CJEU - C‑474/13, Thi Ly Pham v Stadt Schweinfurt, Amt für Meldewesen und Statistik

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Country of Applicant: 
Date of Decision: 
Court Name: 
Grand Chamber

A member state cannot rely on the fact that there are no specialized detention facilities in a part of its territory to justify keeping non-citizens in prison pending their removal. The same rule applies even if the migration detainee has consented to being confined to prison.


Similarly to the case in Bero and Bouzalmate, Ms Pham, a Vietnamese national, was held in pre-removal detention in a prison for over three months. However, in this case Ms Pham had consented to being confined in a prison together with ordinary prisoners because she allegedly wanted contact with her compatriots who were detained there.

Appealing against a later extension of the detention, Ms Pham’s sought a declaration that her rights were impaired by those orders relating to the prolongation of her detention in prison.

The Bundesgerichtshof (Federal Court of Justice) decided to stay proceedings are refer the following question to the Court of Justice of the EU:

‘Is it consistent with Article 16(1) of Directive [2008/115] to place a pre-deportation detainee in accommodation together with [ordinary] prisoners if he consents to such accommodation?’

Decision & Reasoning: 

Referring to its judgment in Bero and Bouzalmate the Court reiterates that the application of the second sentence in article 16(1) cannot be justified on the ground that there are no specialised detention facilities in a federated State of Germany.

As to the issue of consent, the CJEU advances that from the wording of Article 16(1) it is clear that an unconditional obligation is laid down ‘requiring illegally staying third-country nationals to be kept separated from ordinary prisoners when a Member State cannot provide accommodation for those third-country nationals in specialised detention facilities’ [17].

Indeed, the obligation for migration detainees to be kept separated from ordinary prisoners is not coupled with any exception. Furthermore, the separation goes beyond a mere procedural rule for carrying out the detention of third-country nationals in prison accommodation and constitutes a substantive condition for that detention, without compliance of which would, in principle, be inconsistent with the Directive.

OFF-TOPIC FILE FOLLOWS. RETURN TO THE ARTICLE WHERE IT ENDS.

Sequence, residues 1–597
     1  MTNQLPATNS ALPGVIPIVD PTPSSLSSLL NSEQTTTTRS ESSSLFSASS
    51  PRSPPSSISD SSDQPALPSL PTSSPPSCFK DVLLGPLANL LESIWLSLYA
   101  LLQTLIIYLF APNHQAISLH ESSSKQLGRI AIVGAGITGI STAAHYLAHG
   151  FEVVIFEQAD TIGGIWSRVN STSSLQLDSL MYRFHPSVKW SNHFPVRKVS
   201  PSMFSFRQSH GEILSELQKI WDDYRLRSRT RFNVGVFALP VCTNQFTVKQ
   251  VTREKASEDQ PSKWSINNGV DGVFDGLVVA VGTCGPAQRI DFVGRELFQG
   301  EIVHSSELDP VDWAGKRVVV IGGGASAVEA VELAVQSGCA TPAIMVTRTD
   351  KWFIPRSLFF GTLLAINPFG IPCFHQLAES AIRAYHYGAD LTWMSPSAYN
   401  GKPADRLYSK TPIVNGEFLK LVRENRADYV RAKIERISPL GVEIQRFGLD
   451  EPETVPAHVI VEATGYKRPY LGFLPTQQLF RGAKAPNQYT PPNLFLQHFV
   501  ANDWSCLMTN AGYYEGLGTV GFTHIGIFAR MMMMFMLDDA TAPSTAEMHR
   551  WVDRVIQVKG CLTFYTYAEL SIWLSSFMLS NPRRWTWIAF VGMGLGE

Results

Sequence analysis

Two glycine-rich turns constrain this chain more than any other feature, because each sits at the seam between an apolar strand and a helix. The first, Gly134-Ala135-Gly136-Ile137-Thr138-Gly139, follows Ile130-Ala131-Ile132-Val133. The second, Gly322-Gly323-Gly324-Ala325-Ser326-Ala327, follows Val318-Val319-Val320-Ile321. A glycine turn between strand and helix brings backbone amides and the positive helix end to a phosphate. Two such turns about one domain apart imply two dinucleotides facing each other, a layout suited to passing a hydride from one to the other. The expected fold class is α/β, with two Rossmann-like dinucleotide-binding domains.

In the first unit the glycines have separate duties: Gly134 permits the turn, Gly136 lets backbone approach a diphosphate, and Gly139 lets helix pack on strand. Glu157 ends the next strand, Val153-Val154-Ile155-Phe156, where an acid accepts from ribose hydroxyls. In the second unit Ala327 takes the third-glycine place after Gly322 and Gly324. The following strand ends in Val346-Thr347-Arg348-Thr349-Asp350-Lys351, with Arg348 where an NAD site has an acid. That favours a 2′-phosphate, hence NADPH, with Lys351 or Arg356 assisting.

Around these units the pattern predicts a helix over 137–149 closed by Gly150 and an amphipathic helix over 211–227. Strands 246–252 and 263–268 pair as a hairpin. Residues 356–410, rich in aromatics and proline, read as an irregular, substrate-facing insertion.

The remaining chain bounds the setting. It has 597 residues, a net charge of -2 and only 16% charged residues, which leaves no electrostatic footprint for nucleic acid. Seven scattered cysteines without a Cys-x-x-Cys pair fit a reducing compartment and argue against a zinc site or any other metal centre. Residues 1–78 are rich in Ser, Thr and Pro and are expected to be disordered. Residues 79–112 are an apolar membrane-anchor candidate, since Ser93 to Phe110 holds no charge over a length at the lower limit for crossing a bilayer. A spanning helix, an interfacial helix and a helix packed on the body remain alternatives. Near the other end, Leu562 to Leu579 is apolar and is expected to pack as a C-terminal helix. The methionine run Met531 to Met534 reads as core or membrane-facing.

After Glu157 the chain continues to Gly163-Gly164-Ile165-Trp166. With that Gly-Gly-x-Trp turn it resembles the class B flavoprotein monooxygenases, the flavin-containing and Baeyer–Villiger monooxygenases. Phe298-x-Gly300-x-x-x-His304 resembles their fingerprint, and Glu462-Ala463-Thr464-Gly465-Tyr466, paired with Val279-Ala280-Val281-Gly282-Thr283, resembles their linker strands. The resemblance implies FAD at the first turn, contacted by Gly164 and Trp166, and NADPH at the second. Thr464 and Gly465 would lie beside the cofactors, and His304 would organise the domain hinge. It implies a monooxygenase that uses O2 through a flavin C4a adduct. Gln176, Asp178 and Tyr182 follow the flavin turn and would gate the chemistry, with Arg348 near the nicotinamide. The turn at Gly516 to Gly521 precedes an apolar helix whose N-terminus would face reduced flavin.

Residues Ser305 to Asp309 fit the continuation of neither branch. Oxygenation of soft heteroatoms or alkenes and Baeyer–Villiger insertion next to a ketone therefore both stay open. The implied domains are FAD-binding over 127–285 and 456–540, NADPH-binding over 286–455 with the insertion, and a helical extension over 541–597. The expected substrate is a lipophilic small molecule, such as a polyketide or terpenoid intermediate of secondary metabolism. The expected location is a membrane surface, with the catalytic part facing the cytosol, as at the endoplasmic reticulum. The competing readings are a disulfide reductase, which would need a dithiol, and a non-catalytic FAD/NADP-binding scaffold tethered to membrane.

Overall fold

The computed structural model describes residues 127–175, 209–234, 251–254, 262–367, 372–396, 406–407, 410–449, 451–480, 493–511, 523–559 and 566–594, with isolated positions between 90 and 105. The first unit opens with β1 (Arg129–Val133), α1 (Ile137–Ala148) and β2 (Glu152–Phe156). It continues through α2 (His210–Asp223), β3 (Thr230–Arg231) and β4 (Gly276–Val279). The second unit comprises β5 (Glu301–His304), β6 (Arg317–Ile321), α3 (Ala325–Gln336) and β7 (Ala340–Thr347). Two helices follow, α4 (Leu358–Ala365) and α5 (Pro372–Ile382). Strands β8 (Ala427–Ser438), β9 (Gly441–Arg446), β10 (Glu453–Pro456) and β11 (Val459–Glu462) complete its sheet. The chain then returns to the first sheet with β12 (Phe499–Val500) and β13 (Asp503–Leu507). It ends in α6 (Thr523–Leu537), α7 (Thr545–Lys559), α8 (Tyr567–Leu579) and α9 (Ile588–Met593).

The Court ruled:

The second sentence of Article 16(1) of Directive 2008/115/EC of the European Parliament and of the Council of 16 December 2008 on common standards and procedures in Member States for returning illegally staying third-country nationals must be interpreted as not permitting a Member State to detain a third-country national for the purpose of removal in prison accommodation together with ordinary prisoners even if the third-country national consents thereto.

Subsequent Proceedings : 



In Advocate General Bot’s opinion, which can be found here and joined together with the opinions in Bero and Bouzalmate, the AG highlights that nothing in the Returns Directive permits individual consent to prison detention. In addition, the risk of consent being given under pressure, the common absence of legal assistance, and the detainee’s lack of awareness of their rights, all lead the AG to reject the legal value of consent to ordinary prison detention.

The AG argues that the respect of human dignity, enshrined in Article 1 of the Charter of Fundamental Rights of the EU, ‘entails not making men, women and children awaiting removal look like criminals’.

Case commentary on Pham, Izabella Majcher, The EU Returns Directive and the Use of Prisons for Detaining Migrants in Europe, July 2014

Steve Peers, When can irregular migrants be detained in prisons?, May 2014 

Authentic Language: 
Country of preliminary reference: 
National / Other Legislative Provisions: 
Germany - Paragraph 62a(1) of the Law on the residence
gainful employment and integration of foreign nationals in federal territory (Gestez uber den Aufenthalt
die Erwebstatigkeit und die Integration von Auslandern im Bundesgebiet) of July 2004